Monthly Archives: October 2012

The Mossop Obelisk

With very few exceptions, almost all of the stones in the Church Grounds are flat slab-style headstones laid directly on the ground.  There are a few variations, such as the vault covers of Captain Winne and Reverend Ellison, and a couple of obelisks like the one shown here.

The obelisk was a very popular style of gravestone in the early to mid-1800s and the rest of the Albany Rural Cemetery is filled with examples, ranging from small and slender to very large ones which tower over the surrounding memorials.  Tiny obelisks were even carved beneath the stylized willows on early 19th-century stones such as A number of the older, smaller obelisks in the Cemetery predate its 1844 consecration and were moved from the State Street Burying Grounds.  The weathered Charles Webster gravestone on the South Ridge is typical of these relocated obelisks, most of which were relocated to private family plots newly purchased in the Cemetery when the State Street site was closed in the late 1860s.  This particular obelisk of white marble was brought to the Church Grounds from the Episcopal lot at the State Street Burying Grounds, undoubtedly because the deceased had no descendants or other kin in the area to take charge of moving the grave in advance of the mass transfer of graves by the Albany Common Council. Continue reading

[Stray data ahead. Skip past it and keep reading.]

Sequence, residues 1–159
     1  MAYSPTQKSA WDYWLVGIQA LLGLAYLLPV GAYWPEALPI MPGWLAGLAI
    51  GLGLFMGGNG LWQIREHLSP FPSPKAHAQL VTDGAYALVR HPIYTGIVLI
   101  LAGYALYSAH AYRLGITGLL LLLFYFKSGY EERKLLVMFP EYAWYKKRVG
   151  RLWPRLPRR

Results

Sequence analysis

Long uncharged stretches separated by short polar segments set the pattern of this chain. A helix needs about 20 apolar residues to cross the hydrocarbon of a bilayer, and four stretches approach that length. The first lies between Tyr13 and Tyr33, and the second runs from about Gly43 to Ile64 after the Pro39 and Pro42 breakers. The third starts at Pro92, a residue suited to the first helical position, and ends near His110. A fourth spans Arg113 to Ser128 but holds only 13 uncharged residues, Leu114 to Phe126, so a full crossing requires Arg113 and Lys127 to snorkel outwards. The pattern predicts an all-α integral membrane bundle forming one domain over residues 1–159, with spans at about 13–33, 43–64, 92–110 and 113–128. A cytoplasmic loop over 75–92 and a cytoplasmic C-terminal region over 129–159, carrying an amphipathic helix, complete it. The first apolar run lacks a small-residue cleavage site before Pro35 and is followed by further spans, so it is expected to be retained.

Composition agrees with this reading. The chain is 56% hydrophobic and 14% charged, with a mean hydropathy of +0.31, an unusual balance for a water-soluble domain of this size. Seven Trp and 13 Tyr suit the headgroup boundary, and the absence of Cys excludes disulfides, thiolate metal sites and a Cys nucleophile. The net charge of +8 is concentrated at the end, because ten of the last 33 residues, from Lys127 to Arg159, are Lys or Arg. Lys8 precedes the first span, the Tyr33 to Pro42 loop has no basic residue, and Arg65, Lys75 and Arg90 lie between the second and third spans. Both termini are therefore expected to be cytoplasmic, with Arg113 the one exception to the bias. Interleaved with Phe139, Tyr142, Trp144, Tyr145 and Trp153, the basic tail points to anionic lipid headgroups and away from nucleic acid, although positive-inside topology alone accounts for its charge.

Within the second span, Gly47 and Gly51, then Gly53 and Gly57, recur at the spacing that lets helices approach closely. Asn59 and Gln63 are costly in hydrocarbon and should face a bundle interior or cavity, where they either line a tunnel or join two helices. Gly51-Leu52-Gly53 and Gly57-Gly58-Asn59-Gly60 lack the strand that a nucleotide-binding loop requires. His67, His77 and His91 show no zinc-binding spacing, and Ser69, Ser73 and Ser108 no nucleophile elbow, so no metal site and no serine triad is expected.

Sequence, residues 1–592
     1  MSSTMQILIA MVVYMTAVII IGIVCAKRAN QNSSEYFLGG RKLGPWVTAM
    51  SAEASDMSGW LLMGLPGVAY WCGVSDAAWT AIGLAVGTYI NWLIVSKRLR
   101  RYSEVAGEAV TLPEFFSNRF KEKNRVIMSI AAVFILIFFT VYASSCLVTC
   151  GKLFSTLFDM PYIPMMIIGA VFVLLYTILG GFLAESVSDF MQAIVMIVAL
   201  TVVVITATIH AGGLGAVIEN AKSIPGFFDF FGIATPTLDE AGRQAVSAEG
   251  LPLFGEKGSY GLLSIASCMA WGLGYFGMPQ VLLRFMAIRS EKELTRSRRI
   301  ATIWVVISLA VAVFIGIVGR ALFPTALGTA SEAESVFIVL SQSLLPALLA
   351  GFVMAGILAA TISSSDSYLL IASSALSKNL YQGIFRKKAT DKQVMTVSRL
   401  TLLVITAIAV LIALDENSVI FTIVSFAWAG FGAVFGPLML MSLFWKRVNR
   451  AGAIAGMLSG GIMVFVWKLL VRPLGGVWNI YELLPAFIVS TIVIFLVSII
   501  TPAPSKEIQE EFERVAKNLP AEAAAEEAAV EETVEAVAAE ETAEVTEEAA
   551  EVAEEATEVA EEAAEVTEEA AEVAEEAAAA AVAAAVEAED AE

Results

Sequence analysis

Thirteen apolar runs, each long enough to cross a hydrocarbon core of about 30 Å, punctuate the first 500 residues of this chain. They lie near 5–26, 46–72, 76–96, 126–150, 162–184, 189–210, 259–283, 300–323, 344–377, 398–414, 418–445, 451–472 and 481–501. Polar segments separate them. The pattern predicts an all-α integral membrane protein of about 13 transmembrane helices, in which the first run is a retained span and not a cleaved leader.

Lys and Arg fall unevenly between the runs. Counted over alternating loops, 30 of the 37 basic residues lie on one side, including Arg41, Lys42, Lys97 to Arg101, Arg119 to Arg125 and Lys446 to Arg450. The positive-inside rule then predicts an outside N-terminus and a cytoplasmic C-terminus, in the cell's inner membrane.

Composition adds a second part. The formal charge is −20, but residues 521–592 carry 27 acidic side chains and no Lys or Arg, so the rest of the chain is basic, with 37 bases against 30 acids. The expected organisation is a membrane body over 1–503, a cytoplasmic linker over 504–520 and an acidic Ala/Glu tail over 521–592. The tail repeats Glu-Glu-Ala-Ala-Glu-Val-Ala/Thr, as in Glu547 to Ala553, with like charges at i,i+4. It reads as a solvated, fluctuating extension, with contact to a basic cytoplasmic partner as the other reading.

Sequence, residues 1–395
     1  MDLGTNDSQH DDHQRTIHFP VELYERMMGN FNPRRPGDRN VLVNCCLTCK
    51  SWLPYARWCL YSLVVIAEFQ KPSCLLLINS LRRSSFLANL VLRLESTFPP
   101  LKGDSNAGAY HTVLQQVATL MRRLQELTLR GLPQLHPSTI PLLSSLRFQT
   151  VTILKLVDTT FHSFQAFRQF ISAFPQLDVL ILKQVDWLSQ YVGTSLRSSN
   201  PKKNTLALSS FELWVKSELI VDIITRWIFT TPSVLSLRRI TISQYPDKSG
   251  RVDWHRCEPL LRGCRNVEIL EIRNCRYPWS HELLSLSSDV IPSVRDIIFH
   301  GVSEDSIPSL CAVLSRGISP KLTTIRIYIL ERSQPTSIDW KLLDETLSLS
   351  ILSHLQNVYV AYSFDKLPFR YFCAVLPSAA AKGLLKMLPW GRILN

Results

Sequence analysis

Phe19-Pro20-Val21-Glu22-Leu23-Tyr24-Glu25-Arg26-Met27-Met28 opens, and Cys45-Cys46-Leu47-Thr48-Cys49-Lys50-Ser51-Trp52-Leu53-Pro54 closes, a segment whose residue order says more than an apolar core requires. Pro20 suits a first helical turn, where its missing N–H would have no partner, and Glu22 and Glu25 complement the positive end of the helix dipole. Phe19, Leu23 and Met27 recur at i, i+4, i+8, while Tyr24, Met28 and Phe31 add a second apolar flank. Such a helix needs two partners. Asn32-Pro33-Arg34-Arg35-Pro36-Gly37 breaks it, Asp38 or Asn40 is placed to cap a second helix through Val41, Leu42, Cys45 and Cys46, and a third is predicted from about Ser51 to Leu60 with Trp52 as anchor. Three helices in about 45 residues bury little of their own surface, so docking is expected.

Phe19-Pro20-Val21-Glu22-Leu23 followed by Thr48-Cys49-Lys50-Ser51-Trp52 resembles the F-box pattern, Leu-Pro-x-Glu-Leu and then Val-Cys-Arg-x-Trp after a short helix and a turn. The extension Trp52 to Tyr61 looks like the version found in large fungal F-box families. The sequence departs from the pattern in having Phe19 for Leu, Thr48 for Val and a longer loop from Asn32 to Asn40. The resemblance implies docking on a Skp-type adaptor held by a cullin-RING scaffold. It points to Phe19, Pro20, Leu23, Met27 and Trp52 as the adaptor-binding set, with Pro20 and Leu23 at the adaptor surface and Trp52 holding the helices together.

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Featured Gravestone – Thomas B. Hill


Section:  St. Peter’s Episcopal

Material:  White marble

Misc.:  The stone has darkened to gray and there are several large chips along the top.  Epitaph at the bottom is illegible, but the rest of the inscription, while worn, is general legible. This stone features an exquisitely detailed willow-and-urn motif.

Inscription:  Sacred to the memory of Thomas B. Hill, son of Samuel and Mary Hill, who departed this life August 12, 1825, aged 21 years, 3 months.  Is this the fate, that all must die? Will Death no ages spare?  Then let us all to Jesus fly, And seek a refuge there.

This exceptionally beautiful headstone marked the grave of Thomas Hill, son of prominent Albany merchant Samuel Hill and his wife, Mary Barry.  Samuel Hill founded the Albany Hardware and Iron Company (first located on State Street, this company would later erect a large building on Broadway, now famous for the U-Haul truck mounted on its roof) and his mansion, designed by Philip Hooker, became the home to Albany’s prestigious Fort Orange Club.  The epitaph on this stone was part of a list transcribed in Volume 4 of Joel Munsell’s Annals of Albany.

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Locating The Church Grounds

Also see our Maps page.

Albany Rural Cemetery Map (PDF)